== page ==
If you have a question, or would like to learn more about a particular aspect of board work or the impact boards can have on organisational performance, please let me know! If we are to journey far, we need to explore relevant topics and learn together.
Over the past eighteen months, many commentators, critics and self-styled experts around the world used the onset of the coronavirus pandemic to promote new ways of working; postulating that working from home is somehow better or more productive than working in a group setting (in an office or boardroom, for example). Zoom became a 'thing' (lockdowns being the catalyst, of course); Microsoft Teams, too. Proponents have suggested that the conduct of board meetings and annual meetings via video link (virtual meetings) saves time and money, and increases participation.
But, as the weeks and months have passed, the novelty of working separately has began to wear off. Stories of frustration have emerged, with widespread claims that decision quality and productivity has suffered. Staff and managers who once asserted the benefits of #WFH—even to the extent that people would not have to commute to office space any more—have gone quiet. Younger staff are pining to be together again; social magnetism at work.
And what of boards and their effectiveness? Can boards maintain high levels of productivity and decision quality when directors cannot meet together in person for extended periods? Might the availability of high quality video links and board portal software supplant the need to meet together in a boardroom?
In considering these questions, let's acknowledge that the board is a social group, and social groups work better when they are together. Not having to travel to a meeting is attractive to many, but proximity trumps distance in relationships, n'est-ce pas? Also, decisions are made the under tutelage of the board chair, following interaction to discover, discuss and debate. But body language, non-verbal cues and unspoken reservations are difficult to discern when on-line. What is more, the wider context within which the board and company operate is dynamic and generally complex, and ambiguity is prevalent, due to missing information.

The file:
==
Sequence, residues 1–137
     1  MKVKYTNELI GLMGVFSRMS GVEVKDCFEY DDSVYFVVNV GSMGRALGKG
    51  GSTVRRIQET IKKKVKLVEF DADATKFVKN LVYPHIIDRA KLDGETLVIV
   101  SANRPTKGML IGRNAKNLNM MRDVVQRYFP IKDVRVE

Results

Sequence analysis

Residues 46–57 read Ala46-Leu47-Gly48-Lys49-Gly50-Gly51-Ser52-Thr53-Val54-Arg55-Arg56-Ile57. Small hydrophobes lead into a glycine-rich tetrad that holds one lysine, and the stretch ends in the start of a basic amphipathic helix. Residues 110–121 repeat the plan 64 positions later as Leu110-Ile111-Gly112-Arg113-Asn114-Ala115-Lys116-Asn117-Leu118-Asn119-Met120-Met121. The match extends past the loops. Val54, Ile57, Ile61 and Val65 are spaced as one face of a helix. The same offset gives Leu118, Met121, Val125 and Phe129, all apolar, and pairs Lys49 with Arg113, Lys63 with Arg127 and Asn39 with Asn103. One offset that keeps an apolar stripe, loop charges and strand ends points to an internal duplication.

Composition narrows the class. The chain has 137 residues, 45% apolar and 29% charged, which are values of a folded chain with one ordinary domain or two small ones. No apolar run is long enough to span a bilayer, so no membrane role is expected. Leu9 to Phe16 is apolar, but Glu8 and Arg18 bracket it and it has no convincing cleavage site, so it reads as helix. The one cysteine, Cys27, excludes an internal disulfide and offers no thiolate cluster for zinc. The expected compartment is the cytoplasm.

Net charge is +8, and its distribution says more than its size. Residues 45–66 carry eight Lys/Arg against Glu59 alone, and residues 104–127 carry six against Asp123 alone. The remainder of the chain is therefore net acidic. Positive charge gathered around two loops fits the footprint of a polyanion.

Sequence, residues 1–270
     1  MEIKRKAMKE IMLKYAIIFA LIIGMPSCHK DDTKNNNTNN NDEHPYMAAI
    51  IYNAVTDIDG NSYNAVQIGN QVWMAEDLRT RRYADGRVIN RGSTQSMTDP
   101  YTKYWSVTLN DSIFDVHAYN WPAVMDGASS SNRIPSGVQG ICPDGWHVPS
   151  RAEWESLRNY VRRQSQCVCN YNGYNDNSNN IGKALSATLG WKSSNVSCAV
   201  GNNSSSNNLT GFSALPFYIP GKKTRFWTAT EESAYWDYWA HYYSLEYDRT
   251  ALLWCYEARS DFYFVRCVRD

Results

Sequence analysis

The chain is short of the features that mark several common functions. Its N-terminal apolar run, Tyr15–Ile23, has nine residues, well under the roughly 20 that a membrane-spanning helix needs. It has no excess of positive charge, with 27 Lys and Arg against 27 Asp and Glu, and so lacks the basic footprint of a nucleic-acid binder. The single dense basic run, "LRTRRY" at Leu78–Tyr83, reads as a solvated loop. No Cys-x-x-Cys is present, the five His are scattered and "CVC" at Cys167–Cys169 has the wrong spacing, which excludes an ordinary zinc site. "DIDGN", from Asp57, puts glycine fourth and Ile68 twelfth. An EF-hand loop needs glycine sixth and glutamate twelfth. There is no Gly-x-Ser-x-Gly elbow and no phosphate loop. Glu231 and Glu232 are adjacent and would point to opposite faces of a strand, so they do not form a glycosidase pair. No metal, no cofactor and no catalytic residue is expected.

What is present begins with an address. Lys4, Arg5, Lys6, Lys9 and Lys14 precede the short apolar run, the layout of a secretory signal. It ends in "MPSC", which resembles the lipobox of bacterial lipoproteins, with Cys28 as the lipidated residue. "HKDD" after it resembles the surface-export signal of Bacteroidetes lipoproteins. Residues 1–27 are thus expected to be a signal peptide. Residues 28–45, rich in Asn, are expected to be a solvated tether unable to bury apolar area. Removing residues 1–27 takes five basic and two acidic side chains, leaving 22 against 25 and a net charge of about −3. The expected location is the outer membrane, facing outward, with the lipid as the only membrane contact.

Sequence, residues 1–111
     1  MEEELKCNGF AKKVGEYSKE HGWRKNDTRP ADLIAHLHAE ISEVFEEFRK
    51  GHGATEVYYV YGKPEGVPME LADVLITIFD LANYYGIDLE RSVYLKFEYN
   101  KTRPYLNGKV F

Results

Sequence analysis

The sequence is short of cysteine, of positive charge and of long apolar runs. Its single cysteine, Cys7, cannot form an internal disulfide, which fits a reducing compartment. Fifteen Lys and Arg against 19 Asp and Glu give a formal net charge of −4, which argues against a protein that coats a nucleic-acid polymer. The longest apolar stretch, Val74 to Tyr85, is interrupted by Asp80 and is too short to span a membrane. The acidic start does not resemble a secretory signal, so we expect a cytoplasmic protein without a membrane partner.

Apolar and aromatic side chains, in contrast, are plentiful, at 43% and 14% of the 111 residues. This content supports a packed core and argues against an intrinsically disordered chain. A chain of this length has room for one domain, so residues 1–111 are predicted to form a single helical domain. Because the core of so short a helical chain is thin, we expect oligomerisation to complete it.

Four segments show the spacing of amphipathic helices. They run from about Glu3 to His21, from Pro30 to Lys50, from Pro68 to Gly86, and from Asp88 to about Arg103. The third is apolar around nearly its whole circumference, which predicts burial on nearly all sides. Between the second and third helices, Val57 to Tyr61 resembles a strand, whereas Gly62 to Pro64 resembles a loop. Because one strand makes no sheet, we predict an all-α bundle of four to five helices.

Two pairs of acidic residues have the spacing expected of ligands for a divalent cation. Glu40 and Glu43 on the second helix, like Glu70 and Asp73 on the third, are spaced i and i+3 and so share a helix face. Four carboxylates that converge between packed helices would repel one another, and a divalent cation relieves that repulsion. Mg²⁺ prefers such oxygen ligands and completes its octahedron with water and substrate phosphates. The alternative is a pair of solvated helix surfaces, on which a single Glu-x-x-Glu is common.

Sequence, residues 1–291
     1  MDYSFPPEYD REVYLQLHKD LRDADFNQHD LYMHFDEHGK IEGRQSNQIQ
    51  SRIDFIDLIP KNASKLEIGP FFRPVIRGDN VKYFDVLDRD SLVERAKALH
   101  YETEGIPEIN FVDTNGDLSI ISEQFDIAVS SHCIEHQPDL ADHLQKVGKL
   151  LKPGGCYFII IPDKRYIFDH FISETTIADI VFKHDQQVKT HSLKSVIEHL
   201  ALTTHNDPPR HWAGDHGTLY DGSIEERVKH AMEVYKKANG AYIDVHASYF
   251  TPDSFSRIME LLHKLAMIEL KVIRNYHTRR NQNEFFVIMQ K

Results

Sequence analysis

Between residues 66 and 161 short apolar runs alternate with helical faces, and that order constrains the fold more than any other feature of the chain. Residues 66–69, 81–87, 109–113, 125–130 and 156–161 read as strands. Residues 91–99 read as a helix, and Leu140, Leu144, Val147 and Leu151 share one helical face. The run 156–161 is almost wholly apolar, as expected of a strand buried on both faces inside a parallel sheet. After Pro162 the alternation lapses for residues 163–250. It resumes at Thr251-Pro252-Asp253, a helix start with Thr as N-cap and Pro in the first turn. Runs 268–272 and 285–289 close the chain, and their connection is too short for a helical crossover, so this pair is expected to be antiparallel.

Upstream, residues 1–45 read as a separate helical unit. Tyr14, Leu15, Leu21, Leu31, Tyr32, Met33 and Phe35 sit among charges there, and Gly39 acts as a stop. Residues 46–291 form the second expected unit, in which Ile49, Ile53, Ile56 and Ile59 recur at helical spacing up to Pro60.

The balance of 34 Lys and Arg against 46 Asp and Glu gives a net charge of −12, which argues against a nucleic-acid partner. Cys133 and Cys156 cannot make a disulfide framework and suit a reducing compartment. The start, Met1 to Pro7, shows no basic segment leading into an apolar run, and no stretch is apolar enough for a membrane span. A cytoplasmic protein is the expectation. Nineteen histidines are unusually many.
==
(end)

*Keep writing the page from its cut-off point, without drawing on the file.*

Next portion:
If boards are to be effective (measured by the board providing steerage and guidance in pursuit of agreed company purpose; making smart decisions; holding management to account for execution; and, verifying progress towards agreed strategic goals), directors need to be on their game. For this, they need to be competent in role; be actively engaged (individually and collectively); know why they are there; understand the business of the business, the company's strategy and the strategic implications thereof (just one in six directors do); and, exercise control constructively—all of which is made easier if they meet together.
Do you agree or disagree? If you disagree, I'd love to hear your thoughts and experiences!
Tennis is a wonderful game; almost anyone can play. From schoolchildren to elite professional players, the sport is exhilarating; the excitement is often palpable.
One of the reasons tennis is attractive is that it is straightforward. The boundaries between acceptable and unacceptable play are, usually, well marked. The ball is served, and if is returned and bounces within the boundaries, play continues. If not, the score is adjusted and play is restarted with another serve. But, neither the net nor the lines play the game, players do; winning or losing is the result of two players (or four, if doubles) having played against each other within the playing space.